You should have all the phone numbers of the local rescue services in your phone.

7. Plan your routes

Have a good idea of ​​the area and routes you will be skiing (using maps, guidebooks, and your personal experience) or hiking so you don’t end up stuck on a cliff. Be alert for danger signs as you go, it’s all too easy to let passion and enthusiasm blind you to risk.

8. Learn about slope angles

Know how to identify slopes of 30 degrees or more – this is where most avalanches occur.

9. Talk to local professionals

People like the ski patrol (piste patrol) and mountain guides are a good source of inside information about the area.

How to avoid triggering an avalanche

1. Go one by one where there is any possibility of danger

Avalanches are triggered when the weight on the snow cover causes the slab to break. One person exerts much less pressure on a slope than two or three people. When you stop to wait for the rest of your group, make sure they are in a safe place (look for an “island of safety”) so that if they trigger an avalanche, you don’t get caught.

2. Keep your tracks together

If the person in front of you didn’t cause a landslide and you’re still very close to the same line, you’re probably safe too.

3. Look for signs of recent avalanche activity

Slab avalanches are responsible for the majority of accidents and even small ones can be fatal. If you see recent releases, take note of which slope aspects and altitudes are most prone to them and avoid them.

4. Beware of convexities

Where the slope goes from flat to steep, there is often weakness in the snowpack that can be brought on by a skier.

5. Avoid wind-laden slopes

Slopes covered in extra snow, swept there by the prevailing winds, may have excellent freeriding conditions, but the extra load of snow makes them susceptible to the extra weight of a skier.

6. Be careful what’s below you

If there is a cliff or a narrow basin below, the consequences of a landslide will be much more serious than if there is only a small section of slope with a gentle drop. And make sure you never unleash an avalanche on others below you.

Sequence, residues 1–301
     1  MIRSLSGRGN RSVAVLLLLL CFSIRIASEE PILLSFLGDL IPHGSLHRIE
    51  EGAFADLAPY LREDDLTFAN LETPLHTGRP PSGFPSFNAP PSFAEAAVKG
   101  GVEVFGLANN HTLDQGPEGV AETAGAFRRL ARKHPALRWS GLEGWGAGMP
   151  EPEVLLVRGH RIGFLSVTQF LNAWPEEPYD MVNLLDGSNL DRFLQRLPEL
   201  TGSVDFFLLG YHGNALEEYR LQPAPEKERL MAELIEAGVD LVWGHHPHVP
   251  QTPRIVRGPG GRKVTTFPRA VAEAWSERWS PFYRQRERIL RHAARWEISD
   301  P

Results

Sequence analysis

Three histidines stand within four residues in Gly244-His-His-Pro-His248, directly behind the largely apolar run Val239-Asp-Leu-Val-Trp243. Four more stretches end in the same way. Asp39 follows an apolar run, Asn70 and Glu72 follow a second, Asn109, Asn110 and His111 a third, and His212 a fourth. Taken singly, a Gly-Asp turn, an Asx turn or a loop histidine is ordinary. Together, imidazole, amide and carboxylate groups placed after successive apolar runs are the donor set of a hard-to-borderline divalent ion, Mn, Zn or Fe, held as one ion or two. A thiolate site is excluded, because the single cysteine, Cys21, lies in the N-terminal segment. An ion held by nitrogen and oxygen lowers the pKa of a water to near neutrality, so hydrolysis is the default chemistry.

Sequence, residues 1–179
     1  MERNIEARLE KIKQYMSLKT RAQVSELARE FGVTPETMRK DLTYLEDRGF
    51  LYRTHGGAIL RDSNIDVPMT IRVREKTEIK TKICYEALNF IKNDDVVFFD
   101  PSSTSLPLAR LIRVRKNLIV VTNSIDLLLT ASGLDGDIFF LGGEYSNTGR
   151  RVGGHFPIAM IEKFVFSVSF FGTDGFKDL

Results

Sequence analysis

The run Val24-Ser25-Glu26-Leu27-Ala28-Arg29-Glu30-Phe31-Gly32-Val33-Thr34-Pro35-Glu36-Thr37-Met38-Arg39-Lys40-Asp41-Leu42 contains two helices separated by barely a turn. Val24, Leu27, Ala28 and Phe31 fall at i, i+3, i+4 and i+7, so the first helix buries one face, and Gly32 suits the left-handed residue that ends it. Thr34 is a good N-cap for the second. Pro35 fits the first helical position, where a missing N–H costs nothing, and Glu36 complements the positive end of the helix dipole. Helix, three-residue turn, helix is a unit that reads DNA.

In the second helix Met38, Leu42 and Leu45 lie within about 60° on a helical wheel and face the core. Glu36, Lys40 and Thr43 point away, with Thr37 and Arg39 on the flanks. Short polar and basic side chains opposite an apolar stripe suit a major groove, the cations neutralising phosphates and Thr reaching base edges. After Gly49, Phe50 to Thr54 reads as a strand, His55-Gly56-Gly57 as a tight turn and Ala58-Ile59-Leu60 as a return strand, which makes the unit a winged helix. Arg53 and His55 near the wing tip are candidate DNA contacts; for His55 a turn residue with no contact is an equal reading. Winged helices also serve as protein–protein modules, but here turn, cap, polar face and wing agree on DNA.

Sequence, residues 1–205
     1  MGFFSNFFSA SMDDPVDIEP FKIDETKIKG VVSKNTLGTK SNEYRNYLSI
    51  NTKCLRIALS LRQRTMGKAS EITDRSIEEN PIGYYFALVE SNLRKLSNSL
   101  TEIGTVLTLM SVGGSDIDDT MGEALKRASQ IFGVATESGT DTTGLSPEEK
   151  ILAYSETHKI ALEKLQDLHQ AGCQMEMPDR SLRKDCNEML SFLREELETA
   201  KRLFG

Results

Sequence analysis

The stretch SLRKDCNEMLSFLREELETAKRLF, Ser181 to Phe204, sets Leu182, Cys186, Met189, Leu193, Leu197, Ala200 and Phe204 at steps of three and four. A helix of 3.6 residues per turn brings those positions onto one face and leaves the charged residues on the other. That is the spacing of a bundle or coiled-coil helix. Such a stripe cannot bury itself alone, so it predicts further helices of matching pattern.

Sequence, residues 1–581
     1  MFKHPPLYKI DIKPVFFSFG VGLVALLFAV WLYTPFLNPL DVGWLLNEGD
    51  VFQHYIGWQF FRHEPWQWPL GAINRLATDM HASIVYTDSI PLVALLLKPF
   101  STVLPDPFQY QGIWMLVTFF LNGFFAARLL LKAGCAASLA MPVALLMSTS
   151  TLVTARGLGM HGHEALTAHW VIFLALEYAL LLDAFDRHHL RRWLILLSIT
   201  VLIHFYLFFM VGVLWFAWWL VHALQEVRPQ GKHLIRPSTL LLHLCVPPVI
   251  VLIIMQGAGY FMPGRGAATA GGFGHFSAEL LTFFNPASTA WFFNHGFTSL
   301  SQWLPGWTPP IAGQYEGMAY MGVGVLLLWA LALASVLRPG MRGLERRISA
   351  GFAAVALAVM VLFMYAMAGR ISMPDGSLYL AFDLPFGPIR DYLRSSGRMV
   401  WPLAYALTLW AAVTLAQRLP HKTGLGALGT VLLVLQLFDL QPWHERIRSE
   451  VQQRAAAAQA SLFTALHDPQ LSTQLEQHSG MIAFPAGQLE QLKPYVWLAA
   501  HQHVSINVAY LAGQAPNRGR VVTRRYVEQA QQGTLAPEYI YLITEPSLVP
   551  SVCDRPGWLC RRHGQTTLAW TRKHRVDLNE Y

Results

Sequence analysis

What to do if you get caught in an avalanche

  • If you are wearing an ABS backpack, pull the trigger and release the airbag. Hopefully this will keep you on the surface.

  • Try to ski or cartwheel to the side out of the way of the slide as fast as you can.

  • If possible, get rid of your skis and poles (never wear wrist straps in a potential avalanche zone).

  • The sensation is of being in a high-speed washing machine. He swims furiously to the surface and tries to get his head out of the snow. Do your best while the avalanche slows down.

  • Try to keep your nose and mouth clear of snow and use your arms to establish space around your face before it finally stops. The avalanche debris has a mass similar to that of the set concrete and further movement becomes impossible.

  • If you are completely buried but carry a radio transceiver, your chance of survival is 34 percent. After 15 minutes this starts to drop off dramatically. If it’s not completely buried, the chances of survival are over 90 percent.

Leave a Reply

Your email address will not be published. Required fields are marked *